YESTERDAY, India reported 1,761 deaths from COVID-19 overnight, which was its highest daily toll, while Canada and the United States extended a land-border closure for non-essential travelers.
This might be one of the reasons contributing to a gauge of stock prices across the world falling on Tuesday and oil prices also slipped as concern lingered over rising global COVID-19 cases and their effect on the global economic rebound.
On Wall Street, travel stocks weighed on sentiment, with airline and cruise operators falling sharply.
Some of the recent optimism about the leisure industry has waned as the reopening might take a bit longer than initially thought, said Michael James, managing director of equity trading at Wedbush Securities in Los Angeles.
“We’re not out of the woods yet when it comes to the COVID virus and getting to where global economies are reopening,” he said. “Some of that enthusiasm has diminished.”
The Dow Jones Industrial Average fell 256.33 points, or 0.75%, to 33,821.3, the S&P 500 lost 28.32 points, or 0.68%, at 4,134.94 and the Nasdaq Composite dropped 128.50 points, or 0.92%, to 13,786.27.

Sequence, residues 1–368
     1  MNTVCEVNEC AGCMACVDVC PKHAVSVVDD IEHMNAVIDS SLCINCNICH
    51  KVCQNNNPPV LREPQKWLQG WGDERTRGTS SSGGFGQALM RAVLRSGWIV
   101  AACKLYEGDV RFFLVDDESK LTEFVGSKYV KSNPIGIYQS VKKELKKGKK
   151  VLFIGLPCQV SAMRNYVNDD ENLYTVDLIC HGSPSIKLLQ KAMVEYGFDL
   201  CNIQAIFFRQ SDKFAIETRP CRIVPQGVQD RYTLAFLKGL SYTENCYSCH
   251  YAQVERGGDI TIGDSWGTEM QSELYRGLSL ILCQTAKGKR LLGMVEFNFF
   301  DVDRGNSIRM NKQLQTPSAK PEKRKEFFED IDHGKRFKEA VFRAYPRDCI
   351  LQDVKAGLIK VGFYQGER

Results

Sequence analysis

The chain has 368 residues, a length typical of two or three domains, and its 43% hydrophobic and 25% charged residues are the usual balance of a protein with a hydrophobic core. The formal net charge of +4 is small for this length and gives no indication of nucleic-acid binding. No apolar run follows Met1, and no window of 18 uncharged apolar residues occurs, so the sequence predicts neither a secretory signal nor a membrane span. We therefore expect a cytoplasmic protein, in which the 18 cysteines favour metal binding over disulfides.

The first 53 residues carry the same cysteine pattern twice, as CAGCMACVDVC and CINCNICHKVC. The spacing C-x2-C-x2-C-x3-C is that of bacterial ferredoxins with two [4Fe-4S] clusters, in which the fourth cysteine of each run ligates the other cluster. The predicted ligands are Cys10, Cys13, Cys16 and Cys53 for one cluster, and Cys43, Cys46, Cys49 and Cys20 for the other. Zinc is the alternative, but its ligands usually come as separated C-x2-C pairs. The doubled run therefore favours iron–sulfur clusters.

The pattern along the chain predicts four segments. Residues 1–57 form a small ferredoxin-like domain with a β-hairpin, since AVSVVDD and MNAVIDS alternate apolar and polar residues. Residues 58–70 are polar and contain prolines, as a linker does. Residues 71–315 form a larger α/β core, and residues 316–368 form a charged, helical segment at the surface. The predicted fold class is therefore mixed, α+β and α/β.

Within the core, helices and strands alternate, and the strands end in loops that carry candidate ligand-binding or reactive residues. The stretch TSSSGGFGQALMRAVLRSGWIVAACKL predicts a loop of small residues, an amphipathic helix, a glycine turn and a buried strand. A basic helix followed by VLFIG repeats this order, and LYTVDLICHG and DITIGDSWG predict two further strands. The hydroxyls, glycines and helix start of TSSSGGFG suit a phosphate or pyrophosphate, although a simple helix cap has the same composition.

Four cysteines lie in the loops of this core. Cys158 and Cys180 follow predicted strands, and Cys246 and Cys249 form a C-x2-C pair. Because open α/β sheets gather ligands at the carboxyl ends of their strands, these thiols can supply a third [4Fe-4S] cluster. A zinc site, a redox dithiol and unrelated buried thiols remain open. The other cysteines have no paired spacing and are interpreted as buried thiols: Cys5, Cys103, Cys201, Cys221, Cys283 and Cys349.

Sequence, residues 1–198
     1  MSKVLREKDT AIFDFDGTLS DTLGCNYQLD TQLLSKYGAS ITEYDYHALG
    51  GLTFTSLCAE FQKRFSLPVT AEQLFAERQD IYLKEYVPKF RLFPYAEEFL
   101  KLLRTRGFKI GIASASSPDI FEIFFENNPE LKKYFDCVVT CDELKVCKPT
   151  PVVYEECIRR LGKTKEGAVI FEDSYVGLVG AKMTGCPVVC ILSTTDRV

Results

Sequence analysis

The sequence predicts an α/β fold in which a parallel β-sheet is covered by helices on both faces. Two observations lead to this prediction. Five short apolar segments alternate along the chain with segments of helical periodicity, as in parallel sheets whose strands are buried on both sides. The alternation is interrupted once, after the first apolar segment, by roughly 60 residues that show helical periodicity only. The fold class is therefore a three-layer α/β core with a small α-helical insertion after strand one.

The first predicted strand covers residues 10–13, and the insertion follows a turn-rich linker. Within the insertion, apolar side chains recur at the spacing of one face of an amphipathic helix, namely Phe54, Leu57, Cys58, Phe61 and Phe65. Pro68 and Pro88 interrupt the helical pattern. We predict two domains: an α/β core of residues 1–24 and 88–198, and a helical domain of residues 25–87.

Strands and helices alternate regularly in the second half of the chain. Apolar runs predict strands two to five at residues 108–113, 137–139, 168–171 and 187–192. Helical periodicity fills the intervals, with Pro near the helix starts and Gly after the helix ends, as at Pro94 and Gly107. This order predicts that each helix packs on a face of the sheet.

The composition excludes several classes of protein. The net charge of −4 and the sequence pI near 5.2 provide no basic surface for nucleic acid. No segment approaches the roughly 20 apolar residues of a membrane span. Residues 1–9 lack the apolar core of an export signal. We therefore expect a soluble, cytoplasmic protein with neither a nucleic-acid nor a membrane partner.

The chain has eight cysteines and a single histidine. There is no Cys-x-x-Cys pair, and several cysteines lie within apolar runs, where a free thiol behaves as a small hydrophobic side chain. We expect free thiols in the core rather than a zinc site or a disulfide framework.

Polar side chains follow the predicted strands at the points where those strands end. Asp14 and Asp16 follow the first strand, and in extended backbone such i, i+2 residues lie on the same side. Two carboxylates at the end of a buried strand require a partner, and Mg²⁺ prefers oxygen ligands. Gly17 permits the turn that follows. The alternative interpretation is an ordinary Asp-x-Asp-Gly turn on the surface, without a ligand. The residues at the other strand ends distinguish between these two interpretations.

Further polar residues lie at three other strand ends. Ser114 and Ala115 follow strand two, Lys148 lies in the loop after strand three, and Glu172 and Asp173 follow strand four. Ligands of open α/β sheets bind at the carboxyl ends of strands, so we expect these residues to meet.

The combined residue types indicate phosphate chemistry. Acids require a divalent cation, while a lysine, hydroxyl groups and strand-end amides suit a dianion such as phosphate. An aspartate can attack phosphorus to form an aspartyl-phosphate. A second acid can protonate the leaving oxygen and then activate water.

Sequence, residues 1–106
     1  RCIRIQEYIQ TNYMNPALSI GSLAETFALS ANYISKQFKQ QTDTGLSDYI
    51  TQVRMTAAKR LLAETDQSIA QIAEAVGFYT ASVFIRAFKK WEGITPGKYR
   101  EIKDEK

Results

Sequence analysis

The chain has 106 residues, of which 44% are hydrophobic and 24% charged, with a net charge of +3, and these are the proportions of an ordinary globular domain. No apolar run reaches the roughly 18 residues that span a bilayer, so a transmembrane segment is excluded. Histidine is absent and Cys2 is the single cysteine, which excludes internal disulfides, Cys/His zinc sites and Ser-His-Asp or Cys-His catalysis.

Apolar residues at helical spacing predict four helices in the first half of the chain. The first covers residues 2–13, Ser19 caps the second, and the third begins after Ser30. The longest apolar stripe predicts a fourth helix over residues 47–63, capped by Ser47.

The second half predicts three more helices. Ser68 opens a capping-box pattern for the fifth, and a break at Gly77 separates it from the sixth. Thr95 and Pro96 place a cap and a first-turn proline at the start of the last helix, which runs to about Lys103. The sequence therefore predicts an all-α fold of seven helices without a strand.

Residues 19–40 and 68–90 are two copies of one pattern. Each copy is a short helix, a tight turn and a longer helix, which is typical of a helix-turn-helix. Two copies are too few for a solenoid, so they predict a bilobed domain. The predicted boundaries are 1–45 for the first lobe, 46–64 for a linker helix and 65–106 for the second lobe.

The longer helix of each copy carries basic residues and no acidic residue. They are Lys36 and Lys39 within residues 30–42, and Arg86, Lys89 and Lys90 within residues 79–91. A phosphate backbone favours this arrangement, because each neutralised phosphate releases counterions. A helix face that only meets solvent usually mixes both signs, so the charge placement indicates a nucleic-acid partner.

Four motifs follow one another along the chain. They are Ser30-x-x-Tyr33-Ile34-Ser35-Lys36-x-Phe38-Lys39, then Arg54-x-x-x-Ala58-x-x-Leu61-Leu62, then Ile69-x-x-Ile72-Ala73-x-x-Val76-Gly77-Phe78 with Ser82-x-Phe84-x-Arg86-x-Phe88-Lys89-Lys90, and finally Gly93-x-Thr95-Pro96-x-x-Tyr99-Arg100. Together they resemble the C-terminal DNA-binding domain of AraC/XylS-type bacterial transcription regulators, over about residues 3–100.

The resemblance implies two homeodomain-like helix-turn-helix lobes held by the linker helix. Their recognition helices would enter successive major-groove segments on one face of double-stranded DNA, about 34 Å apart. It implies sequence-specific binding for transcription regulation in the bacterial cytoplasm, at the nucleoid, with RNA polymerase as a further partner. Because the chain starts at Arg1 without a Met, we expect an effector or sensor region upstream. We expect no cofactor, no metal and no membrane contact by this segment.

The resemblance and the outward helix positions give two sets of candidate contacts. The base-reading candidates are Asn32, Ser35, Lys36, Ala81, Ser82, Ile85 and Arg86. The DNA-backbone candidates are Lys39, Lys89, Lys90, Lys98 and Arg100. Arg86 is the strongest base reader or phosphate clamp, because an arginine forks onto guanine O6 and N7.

The pan-European STOXX 600 index lost 1.90% and MSCI’s gauge of stocks across the globe shed 0.85%.
Emerging market stocks lost 0.07%. MSCI’s broadest index of Asia-Pacific shares outside Japan closed 0.08% lower, while Japan’s Nikkei lost 1.97%.
After touching its lowest level in nearly seven weeks overnight, the dollar index rose slightly.
The currencies and interest rate markets could be relatively calm for another few weeks as the Federal Reserve and the European Central Bank each take their time adjusting their rate policies, said Mazen Issa, senior currency strategist at TD Securities.
“There really isn’t a strong catalyst in either direction this month to really break us out of ranges,” Issa said.
The dollar index rose 0.166%, with the euro unchanged at $1.2033.
The Japanese yen strengthened 0.08% versus the greenback at 108.09 per dollar, while sterling was last trading at $1.3939, down 0.31% on the day.
Tufts University economist Brian Bethune said the lower yields stood in contrast with their level close to 1.8% on March 30, reflecting worries that public health gains against the virus have stalled in Brazil, Canada and other countries.
“There’s a repricing of what the international environment is going to look like,” even though the US economic recovery looks strong, Bethune said.
Benchmark 10-year Treasury notes last rose 11/32 in price to yield 1.5624%, from 1.599% late on Monday.
Concern over rising COVID-19 cases in India continued to weigh on the oil market.
“Given India’s position as a major crude oil importer … new restrictions would be very bad for the energy complex,” said Bob Yawger, director of energy futures at Mizuho.
US crude recently fell 1.21% to $62.44 per barrel and Brent was at US$66.50, down 0.82% on the day.
Spot gold added 0.5% to US$1,778.80 an ounce. Silver gained 0.07% to US$25.83.
Bitcoin last rose 2.4% to US$57,030.36. – April 21, 2021